Local Antenna Restrictions
Amateurs can face three types of antenna restrictions:
- Local government zoning restrictions
- Covenant (also called CC&R and Homeowners Association) restrictions
- Rental (lease) restrictions
Amateurs faced with local government zoning restrictions have some relief. PRB-1, the limited federal preemption of municipal land use regulations for Amateur Radio installations, is a useful tool when applying for a building permit for a tower. According to the Commission's rules, zoning authorities can not preclude Amateur Service communications, but must reasonably accommodate amateur communications and enact the "minimum practicable regulation to accomplish the state or local authority's legitimate purpose" [97.15(b)]. Local governments can zone for height, safety and aesthetics concerns, but their restrictions can not be so prohibitive that they are overly restrictive. Amateurs often find it advantageous to contact Volunteer Counsel or Volunteer Consulting Engineers for professional assistance with their zoning problem.
Some states have enacted state statutes which go even further than PRB-1 and they are especially helpful in giving guidance to local planners. We offer a list of states which have enacted such a state statute. This also includes the text of the statutes for these states. If your state has not codified PRB-1, fear not! PRB-1 covers all 50 states, but local planners sometimes need specific guidance. If your state has not codified PRB-1, why not contact your ARRL section leadership about doing it? For guidance in doing this see the following.
Is the local government zoning ordinance a "reasonable accommodation," given your residential environment?
If yes, obtain permit and erect antenna. If no, continue.
What is considered to be a "reasonable accommodation?"
It depends on the:
- Antenna desired.
- Size of property/setback limits.
- Height of antenna (generally, a 60-foot antenna might be considered "reasonable" in a single-family residence in a subdivision).
- Other variables.
Must I always obtain a building permit for my antenna installation?
Yes, if the local government requires one, and most do. Never erect an antenna structure without first checking local ordinances and complying with their guidelines or you may face substantial fines per day by the local government for any violations. The only exception is for antennas not regulated by the ordinance. For example, most wire antennas are exempt from local ordinance regulation, but this is not always the case.
Must I obtain a permit even if the ordinance does not make "reasonable accommodation" for amateur radio communications?
Yes. It is always the responsibility of the amateur to demonstrate why the ordinance is unreasonable and why it should be changed.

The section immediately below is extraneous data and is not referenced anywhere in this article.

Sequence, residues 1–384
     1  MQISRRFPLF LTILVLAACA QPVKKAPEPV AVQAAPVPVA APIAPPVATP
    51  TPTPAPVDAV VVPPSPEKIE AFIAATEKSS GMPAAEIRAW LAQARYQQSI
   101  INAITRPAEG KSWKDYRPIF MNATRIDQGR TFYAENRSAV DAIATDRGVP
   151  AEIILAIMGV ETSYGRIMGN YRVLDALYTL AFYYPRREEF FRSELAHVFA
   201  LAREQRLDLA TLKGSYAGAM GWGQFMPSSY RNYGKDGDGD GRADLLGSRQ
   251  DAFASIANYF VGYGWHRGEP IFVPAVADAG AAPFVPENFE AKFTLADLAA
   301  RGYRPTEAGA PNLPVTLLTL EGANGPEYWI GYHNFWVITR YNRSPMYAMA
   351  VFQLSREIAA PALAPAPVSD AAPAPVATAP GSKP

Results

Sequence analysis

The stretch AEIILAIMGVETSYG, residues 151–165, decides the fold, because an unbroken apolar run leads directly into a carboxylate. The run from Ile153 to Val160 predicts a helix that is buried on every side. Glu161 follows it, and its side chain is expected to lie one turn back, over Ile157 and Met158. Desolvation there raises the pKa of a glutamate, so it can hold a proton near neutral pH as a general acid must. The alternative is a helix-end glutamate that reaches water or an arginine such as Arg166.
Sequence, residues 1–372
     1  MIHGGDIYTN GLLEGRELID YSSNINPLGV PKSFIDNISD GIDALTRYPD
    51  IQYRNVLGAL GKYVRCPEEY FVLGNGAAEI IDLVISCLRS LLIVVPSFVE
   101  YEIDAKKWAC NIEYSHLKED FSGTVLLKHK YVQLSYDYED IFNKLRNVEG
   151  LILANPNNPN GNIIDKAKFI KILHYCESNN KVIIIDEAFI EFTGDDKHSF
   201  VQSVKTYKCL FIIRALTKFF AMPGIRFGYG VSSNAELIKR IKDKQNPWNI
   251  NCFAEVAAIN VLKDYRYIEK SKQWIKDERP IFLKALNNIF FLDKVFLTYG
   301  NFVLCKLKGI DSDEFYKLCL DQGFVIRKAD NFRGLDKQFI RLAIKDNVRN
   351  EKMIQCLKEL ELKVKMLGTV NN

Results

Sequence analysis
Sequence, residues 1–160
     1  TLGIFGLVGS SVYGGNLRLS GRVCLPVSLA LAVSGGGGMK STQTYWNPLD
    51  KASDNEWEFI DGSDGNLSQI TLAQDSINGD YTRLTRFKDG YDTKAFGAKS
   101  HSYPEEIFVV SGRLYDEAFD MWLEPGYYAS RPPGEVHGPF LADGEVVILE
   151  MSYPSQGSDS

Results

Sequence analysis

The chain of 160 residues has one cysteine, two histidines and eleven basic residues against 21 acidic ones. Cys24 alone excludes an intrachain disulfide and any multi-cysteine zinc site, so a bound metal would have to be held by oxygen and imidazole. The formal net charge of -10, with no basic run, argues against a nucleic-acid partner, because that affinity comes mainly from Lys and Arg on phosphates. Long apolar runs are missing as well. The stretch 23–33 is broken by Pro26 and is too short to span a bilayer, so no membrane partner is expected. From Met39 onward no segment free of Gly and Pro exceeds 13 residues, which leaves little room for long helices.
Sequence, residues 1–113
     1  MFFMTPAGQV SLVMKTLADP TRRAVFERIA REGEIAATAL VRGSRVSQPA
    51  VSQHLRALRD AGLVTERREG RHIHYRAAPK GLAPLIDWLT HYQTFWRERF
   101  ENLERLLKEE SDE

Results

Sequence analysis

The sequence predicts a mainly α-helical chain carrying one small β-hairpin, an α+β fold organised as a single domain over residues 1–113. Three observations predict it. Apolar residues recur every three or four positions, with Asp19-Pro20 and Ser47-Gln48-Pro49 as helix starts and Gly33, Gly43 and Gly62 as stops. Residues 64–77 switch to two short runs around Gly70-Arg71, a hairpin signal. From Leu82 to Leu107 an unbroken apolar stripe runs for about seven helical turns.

How can an unreasonable ordinance be changed?
Follow these steps:
1) Get a copy of the ordinance.
2) Read the ordinance.
3) Follow zoning ordinance requirements.
4) See ARRL PRB-1 Package on-line.
5) For the best advice, obtain Antenna Zoning for the Radio Amateur by Fred Hopengarten.
6) For local guidance and support, contact local clubs.
8) For legal advice contact an ARRL Volunteer Counsel.
9) Make a presentation before local zoning officials:
- Your presentation should emphasize local public service activities.
- Dress appropriately (no radios or call-letter ball caps).
10) When reasonable, obtain the permit and erect the antenna.
For which items may local government planners zone?
Planners must reasonably accommodate amateur communications to accomplish the local government's legitimate purpose such as regulation of:
- Antenna placement
- Safety (including RF safety)
- Property value considerations
Has your state codified PRB-1?
- use it in your presentation; Several states have codified PRB-1 as a state statute.
- PRB-1 is a Federal preemptive regulation, which is binding in all states and supersedes all conflicting local ordinances, although it is intentionally generalized and not specific in its instructions. Much interpretation is left to municipal governments.
- Consider helping to obtain a state statute.
- Contact ARRL Section Manager for guidance in contacting the appropriate Section level officials.
- See this link for examples, especially:
Does PRB-1 apply only to Amateur Radio?
Yes, it does not apply to commercial antennas or any non-amateur antennas.
Is your area's ordinance reasonable now?
If yes, obtain the permit and erect the antenna.
If no because the ordinance tries to regulate RFI, see the RFI preemption section of the ARRLWeb and see Steps 1-8.
If no because the ordinance requires an excessive fee, see Steps 1-8.
If no because the height limitation is fixed and not subject to a conditional or special use permit process, see Steps 1-8.
If no because setback limits are excessive, see Steps 1-8.
If no because the ordinance requires a conditional use permit or variance for all antennas, which often means obtaining permission from all neighbors and paying a non-refundable fee, see Steps 1-8.
If no because the community zones for other than height, setback, placement, health, property values or aesthetic restrictions, see Steps 1-8.
My community says the ordinance IS "reasonable accommodation" but I don't feel that it is. What's next?
See Steps 1-8; obtain legal advice from an ARRL Volunteer Counsel (an amateur who is a lawyer). Consider contacting an ARRL Volunteer Consulting Engineer (an amateur who is a register professional engineer)
Challenge the ordinance on its face or as it applies to you. This is a legal procedure that is potentially extremely expensive and time consuming, and not at all guaranteed of success.